I blame my mom.
Not for the 13 years of private violin lessons I took growing up (although I’m sure in no uncertain terms I’ve blamed her to her face many times), but for those violin tapes she put on at night while I was falling asleep.
I don’t know if it was New Age parenting (osmosis of information while sleeping), or if I simply refused to listen to them during the day like I was supposed to. I could give myself the benefit of the doubt, but it’s probably the latter. I mean, in my first few years of violin, I would sit on the floor during my lesson with my short arms stubbornly crossed and simply refuse to play (in my defense I was four).
I was trained in the Suzuki method, where you learn by moving through eight increasingly hard books of songs. Each book had a corresponding cassette tape, and part of my practice was supposed to include listening to the tape of the book I was currently working my way through a certain number of times each week. I hated practicing the violin, and I’m sure I hated those violin tapes even more.
But what I didn’t hate was listening to them as I fell asleep, and for that, I blame my mom. First it was just those violin tapes, but then I started pushing for her to play the original Winnie the Pooh stories I had on tape while I was falling asleep. And it was that willy, nilly, silly old bear that created a problem. If he wasn’t so tubby, chubby and all stuffed with fluff, I might just blame him instead. But I digress.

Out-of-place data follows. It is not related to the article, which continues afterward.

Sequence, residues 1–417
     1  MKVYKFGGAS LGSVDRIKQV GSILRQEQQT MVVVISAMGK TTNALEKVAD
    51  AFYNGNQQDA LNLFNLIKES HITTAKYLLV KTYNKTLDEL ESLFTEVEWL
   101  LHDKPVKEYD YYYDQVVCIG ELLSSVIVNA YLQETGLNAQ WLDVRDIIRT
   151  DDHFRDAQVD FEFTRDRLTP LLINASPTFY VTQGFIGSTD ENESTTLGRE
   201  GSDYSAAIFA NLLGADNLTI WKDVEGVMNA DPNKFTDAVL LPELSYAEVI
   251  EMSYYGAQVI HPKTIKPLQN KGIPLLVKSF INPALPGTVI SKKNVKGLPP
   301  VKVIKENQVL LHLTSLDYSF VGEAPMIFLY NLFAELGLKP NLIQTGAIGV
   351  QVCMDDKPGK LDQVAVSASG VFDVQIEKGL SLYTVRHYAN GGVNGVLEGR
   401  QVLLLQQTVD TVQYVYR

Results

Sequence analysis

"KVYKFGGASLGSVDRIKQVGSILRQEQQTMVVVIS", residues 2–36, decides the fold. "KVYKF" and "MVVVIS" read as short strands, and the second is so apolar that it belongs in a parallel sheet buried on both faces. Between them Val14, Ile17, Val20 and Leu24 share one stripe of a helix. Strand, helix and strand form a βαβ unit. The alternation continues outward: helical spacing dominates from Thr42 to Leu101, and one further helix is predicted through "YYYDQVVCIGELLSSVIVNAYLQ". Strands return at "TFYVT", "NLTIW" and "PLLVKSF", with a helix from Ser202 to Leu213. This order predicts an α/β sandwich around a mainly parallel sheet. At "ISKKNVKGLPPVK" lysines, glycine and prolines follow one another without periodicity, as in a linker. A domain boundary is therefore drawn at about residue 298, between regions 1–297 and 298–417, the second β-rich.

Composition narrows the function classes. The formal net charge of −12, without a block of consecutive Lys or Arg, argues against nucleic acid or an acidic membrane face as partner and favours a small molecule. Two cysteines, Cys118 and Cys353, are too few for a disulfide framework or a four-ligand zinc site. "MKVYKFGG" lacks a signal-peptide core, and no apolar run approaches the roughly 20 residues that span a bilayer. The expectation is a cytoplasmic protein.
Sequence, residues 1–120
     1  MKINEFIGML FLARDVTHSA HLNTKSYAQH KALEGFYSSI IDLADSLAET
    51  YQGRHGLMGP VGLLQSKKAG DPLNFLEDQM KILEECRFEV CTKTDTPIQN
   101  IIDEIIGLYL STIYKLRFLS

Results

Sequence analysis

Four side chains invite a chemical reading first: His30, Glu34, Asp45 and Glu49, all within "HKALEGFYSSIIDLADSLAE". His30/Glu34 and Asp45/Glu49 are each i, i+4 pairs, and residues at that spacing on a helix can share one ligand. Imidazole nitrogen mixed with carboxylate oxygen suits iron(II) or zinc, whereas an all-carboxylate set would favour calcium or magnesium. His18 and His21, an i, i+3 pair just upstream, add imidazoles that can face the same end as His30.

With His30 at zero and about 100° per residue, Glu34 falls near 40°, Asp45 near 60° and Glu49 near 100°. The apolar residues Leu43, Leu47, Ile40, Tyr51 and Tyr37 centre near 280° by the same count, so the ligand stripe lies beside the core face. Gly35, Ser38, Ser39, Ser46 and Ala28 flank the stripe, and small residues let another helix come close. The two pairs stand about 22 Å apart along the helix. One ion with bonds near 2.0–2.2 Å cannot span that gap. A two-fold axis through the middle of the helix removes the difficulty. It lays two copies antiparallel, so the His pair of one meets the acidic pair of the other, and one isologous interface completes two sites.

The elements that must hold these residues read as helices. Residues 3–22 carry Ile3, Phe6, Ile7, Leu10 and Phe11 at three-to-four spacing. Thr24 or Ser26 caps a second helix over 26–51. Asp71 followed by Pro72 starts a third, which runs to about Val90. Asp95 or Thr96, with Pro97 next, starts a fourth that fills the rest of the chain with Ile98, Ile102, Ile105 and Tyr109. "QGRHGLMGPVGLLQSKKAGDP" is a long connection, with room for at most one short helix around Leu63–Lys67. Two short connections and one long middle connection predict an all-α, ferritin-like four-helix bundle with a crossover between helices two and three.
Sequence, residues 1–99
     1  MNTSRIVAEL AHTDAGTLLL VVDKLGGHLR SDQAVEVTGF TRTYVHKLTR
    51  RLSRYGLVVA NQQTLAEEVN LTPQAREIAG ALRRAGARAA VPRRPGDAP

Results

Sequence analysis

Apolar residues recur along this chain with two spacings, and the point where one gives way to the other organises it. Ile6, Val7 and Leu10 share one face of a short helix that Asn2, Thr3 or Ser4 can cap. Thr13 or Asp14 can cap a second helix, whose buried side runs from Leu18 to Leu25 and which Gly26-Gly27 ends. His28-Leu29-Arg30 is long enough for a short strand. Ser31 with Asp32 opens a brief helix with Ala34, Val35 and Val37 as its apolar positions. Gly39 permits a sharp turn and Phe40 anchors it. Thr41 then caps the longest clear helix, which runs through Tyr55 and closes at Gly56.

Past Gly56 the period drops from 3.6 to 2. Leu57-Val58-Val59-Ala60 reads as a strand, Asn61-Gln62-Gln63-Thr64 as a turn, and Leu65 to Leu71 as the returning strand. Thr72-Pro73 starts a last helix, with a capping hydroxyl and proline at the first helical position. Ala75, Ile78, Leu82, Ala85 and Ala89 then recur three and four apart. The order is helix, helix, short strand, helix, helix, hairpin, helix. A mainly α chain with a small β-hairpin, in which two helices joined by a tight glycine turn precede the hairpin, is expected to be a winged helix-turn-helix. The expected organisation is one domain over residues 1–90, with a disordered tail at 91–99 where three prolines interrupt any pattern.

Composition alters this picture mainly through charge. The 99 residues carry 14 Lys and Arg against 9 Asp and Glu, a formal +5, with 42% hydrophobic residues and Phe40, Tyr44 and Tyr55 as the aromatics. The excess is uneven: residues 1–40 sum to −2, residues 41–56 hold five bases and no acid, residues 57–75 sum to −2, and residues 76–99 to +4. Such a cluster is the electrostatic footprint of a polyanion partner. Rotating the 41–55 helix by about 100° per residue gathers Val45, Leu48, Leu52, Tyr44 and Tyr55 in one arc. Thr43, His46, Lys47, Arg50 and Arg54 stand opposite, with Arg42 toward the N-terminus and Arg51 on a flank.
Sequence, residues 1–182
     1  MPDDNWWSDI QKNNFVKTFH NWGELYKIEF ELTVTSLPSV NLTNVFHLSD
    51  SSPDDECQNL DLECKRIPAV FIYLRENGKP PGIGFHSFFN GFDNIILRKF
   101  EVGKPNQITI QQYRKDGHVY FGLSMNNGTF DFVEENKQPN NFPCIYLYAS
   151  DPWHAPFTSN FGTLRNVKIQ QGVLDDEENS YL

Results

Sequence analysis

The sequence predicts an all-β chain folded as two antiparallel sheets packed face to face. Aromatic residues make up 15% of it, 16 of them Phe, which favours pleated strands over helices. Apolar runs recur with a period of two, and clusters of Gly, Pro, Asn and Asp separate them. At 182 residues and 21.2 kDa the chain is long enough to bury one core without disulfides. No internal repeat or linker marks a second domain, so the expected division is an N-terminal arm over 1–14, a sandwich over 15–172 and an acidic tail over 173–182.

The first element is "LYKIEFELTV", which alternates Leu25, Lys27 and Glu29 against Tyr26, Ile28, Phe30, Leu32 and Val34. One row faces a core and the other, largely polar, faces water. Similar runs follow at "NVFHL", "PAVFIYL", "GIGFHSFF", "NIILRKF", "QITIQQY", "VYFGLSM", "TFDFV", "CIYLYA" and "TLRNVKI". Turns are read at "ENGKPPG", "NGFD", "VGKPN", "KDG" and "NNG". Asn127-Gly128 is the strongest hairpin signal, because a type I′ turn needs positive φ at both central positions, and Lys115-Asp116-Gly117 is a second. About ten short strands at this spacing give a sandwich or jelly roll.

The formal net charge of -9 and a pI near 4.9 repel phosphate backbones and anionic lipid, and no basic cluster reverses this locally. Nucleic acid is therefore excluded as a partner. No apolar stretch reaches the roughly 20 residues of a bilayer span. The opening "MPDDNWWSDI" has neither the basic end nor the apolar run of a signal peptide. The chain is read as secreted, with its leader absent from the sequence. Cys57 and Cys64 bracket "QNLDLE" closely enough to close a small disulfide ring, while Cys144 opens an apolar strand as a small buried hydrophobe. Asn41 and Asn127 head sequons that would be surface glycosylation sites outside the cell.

Eventually I outgrew bedtime stories and even my stuffed Winnie, Piglet and Eeyore.
But I still had that need for something to listen to at night.
Eventually, I found something that did so much more than that. I found a lifelong companion, a soulmate that would never leave me. I found sports talk radio.
To this day I cannot fall asleep comfortably without listening to sports radio. I wake up to sports radio. When I’m upset, sports radio calms me down. When I want to relax, sports radio soothes me. When I’m excited, sports radio pumps me up. If I could take sports radio out on a date, I just might.
It took me a while to realize that so much of my life revolved around sports radio. It was when I realized that I had asked for a shower radio for Christmas not once but twice, so I could have more alone time with sports radio.
Sports radio had become the T-1000 version of Winnie the Pooh. It baffled even me. I never recalled myself needing to listen to a cassette to fall asleep. But on nights when I had no access to sports radio, I legitimately had trouble falling asleep. My mind would whir; it would bounce around from one subject to another. It would worry, it would wonder, it would pontificate, it would berate me, it would philosophize, it would dictate the beginning of novels and movies to me, it would ask me why I had told the girl in front of me in class about the time I sat on my violin or why I had made that joke about storing hashish in my butt.